I'm about to buy 2 of the new Mac Pros for 2 clients and I KNOW that the "best practice" of getting the fastest disks does make a benchmarkable difference. I'm going to buy a Promise Pegasus2 R4 from Apple with a 14-day return policy so I can benchmark the performance difference between that and the Mac Pros internal PCIe SSD. Taylor Sharpe has benchmarked read/write differences of the previous generation Pegasus RAIDs to give me confidence that this is a promising (pun intended) option (Thanks, Taylor!).
But I simply don't have the available resources to benchmark differences between different GHz and multiple cores. And before I recommend to a client to spend an extra $500 to $3,500 on additional cores, I sure would like to see a benchmarkable FMP difference. I'm also very intrigued by the NIC teaming/bonding conversation.
Let us know how those Pros work out.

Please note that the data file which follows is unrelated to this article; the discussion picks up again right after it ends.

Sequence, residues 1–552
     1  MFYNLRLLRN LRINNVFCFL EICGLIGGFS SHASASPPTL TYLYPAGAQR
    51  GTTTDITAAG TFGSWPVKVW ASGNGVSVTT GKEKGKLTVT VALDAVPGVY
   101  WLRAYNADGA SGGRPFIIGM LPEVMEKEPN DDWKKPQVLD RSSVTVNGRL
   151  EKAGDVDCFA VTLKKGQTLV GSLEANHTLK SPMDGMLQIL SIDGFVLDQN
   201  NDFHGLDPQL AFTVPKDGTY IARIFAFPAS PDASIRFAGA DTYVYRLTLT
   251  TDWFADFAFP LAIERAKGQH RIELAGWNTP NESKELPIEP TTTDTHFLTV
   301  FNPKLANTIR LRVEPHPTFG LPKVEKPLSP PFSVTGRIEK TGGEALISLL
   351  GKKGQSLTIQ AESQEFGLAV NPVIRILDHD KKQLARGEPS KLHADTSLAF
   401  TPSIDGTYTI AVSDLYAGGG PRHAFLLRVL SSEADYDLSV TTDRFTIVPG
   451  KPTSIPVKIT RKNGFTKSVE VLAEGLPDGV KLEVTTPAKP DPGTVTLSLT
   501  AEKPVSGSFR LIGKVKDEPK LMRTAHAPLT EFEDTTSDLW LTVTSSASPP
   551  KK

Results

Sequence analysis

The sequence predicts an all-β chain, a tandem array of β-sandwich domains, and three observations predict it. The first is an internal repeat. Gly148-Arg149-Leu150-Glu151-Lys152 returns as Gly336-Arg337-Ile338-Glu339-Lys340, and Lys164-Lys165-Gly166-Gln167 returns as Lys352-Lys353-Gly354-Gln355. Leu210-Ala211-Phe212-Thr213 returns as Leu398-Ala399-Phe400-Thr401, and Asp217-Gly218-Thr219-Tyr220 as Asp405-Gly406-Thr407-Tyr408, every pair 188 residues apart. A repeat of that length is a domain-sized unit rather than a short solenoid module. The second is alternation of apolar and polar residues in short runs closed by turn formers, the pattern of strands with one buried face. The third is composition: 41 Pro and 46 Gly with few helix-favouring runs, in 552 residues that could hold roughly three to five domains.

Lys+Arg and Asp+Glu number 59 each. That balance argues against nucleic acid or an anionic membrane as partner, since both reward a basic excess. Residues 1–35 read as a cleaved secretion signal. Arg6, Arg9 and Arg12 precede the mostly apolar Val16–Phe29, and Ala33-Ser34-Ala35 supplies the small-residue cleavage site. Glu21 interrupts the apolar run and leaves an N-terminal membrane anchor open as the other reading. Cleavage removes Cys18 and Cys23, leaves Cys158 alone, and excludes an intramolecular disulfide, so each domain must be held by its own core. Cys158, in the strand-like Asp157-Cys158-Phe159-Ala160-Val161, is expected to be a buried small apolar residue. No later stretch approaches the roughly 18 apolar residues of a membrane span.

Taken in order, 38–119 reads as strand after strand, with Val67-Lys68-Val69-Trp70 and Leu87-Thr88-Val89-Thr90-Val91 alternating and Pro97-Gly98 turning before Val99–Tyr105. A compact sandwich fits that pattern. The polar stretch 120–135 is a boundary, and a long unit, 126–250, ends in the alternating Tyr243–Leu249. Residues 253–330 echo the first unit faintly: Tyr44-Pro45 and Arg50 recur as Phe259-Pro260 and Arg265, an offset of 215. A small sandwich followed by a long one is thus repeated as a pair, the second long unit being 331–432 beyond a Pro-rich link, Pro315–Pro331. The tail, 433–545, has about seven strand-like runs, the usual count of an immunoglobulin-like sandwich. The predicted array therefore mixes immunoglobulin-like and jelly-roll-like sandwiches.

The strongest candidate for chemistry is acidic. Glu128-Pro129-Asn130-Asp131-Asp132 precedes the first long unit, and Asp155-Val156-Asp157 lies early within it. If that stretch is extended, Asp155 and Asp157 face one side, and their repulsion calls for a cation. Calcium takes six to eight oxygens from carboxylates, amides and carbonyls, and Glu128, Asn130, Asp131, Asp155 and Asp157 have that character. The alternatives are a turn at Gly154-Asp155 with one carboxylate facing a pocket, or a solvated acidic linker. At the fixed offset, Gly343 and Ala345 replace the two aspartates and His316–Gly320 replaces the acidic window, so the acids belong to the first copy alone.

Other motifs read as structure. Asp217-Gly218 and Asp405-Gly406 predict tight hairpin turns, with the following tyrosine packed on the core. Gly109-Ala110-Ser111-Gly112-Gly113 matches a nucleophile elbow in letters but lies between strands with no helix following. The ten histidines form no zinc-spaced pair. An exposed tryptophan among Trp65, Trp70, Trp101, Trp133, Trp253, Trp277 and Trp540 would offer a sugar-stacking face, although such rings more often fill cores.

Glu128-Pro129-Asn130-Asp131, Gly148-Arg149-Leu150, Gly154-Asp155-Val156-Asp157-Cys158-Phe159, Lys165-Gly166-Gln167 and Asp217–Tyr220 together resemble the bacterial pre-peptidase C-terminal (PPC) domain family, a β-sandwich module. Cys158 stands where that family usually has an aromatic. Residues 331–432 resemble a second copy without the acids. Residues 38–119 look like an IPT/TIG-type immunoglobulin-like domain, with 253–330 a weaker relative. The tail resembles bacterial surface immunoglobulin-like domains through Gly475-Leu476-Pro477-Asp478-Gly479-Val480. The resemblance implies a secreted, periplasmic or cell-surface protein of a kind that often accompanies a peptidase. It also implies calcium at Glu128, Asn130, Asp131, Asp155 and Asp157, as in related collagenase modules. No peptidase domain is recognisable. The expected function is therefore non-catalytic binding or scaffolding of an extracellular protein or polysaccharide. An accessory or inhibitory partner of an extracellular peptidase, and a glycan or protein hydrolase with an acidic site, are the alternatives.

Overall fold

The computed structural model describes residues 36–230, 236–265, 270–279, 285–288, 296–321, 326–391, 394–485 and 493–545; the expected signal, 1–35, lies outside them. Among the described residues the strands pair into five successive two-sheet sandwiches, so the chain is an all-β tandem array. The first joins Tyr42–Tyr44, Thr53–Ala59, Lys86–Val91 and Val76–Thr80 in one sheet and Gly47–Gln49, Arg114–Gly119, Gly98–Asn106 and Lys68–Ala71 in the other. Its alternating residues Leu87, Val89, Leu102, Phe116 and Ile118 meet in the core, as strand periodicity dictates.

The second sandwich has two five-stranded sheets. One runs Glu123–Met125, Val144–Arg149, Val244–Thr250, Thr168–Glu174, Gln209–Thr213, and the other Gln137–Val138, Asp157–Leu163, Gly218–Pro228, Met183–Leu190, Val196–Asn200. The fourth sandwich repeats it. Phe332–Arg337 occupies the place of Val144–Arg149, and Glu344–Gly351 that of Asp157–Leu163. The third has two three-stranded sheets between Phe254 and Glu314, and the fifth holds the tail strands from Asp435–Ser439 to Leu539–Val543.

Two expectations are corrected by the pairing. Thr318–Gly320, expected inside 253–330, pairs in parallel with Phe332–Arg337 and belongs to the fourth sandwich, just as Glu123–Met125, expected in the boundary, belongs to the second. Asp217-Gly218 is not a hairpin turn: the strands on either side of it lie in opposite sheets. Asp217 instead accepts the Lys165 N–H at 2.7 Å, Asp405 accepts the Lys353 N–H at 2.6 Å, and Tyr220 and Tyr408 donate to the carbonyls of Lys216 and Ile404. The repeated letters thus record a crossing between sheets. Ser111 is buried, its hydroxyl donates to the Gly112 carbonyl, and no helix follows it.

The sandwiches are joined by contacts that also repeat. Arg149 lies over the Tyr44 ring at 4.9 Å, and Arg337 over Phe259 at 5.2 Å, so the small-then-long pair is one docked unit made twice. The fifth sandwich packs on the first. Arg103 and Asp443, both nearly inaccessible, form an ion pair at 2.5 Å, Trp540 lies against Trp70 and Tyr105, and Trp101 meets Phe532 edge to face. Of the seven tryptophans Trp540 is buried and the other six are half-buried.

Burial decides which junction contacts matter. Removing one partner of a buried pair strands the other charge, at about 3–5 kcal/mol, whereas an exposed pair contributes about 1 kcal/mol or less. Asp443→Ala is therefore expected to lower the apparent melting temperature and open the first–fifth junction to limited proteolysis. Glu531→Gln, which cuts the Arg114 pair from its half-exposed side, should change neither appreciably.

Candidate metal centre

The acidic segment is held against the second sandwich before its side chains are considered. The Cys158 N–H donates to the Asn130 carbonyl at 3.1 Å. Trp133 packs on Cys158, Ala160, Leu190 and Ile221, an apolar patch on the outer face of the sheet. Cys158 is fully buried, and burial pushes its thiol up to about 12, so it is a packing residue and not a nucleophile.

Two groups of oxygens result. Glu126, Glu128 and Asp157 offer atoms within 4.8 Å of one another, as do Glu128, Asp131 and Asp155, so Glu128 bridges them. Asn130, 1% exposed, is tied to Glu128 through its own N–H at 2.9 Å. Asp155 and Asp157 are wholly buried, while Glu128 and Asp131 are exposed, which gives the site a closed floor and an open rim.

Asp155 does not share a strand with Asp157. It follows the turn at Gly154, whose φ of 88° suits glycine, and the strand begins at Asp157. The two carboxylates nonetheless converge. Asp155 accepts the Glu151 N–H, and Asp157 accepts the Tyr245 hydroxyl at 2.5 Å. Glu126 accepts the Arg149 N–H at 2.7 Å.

Big bucks. ;-)
I know the ports can be teamed, I'm just not sure how it all needs to be configured on the Filemaker Server end of things.
The standard install only seems to make provisions for a signle IP address.
There is nothing required on the FMS end. Network card teaming is all on the OS and FMS takes its feed from there.
Obviously you'd want to do the OS set up before installing FMS. FMS hates it when you make changes to IP configs or network card configs after it was installed.
OK, I'm not quite sure how that would work.
If I bind say two ports together between the two machines, I would give this connection it's own IP on both servers. So assuming it would be a "private" IP something like 192.168.0.X and X+1.
The Worker server would have to have a public address, and the Master would have to have a public address.
So, when you setup the Master Server, it asks you to enter the IP of the worker machine. Would I then use the Private IP, or the Public IP of the Worker Server? (I'm guessing private). And assuming I do that, would the other functions just work automatically with the Public IPs defined on the standard NICs?
I guess I'm thinking it would be more complicated than that. I've always kept my FM Server installations super simple.